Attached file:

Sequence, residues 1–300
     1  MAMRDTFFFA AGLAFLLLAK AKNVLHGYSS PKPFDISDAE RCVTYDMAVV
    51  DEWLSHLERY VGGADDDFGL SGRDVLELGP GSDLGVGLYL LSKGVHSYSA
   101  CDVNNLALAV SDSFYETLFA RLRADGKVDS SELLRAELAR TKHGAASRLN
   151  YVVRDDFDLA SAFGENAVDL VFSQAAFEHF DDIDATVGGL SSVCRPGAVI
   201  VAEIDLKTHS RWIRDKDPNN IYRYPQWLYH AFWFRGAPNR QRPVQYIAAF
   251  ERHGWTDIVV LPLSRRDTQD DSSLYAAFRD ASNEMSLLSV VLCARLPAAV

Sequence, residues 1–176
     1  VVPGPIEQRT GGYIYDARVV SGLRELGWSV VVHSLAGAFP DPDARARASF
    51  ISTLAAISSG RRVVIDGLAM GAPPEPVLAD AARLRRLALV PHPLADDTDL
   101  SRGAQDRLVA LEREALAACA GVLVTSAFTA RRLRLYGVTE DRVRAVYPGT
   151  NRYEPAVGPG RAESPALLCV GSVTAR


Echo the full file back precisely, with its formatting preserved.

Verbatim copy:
Sequence, residues 1–300
     1  MAMRDTFFFA AGLAFLLLAK AKNVLHGYSS PKPFDISDAE RCVTYDMAVV
    51  DEWLSHLERY VGGADDDFGL SGRDVLELGP GSDLGVGLYL LSKGVHSYSA
   101  CDVNNLALAV SDSFYETLFA RLRADGKVDS SELLRAELAR TKHGAASRLN
   151  YVVRDDFDLA SAFGENAVDL VFSQAAFEHF DDIDATVGGL SSVCRPGAVI
   201  VAEIDLKTHS RWIRDKDPNN IYRYPQWLYH AFWFRGAPNR QRPVQYIAAF
   251  ERHGWTDIVV LPLSRRDTQD DSSLYAAFRD ASNEMSLLSV VLCARLPAAV

Sequence, residues 1–176
     1  VVPGPIEQRT GGYIYDARVV SGLRELGWSV VVHSLAGAFP DPDARARASF
    51  ISTLAAISSG RRVVIDGLAM GAPPEPVLAD AARLRRLALV PHPLADDTDL
   101  SRGAQDRLVA LEREALAACA GVLVTSAFTA RRLRLYGVTE DRVRAVYPGT
   151  NRYEPAVGPG RAESPALLCV GSVTAR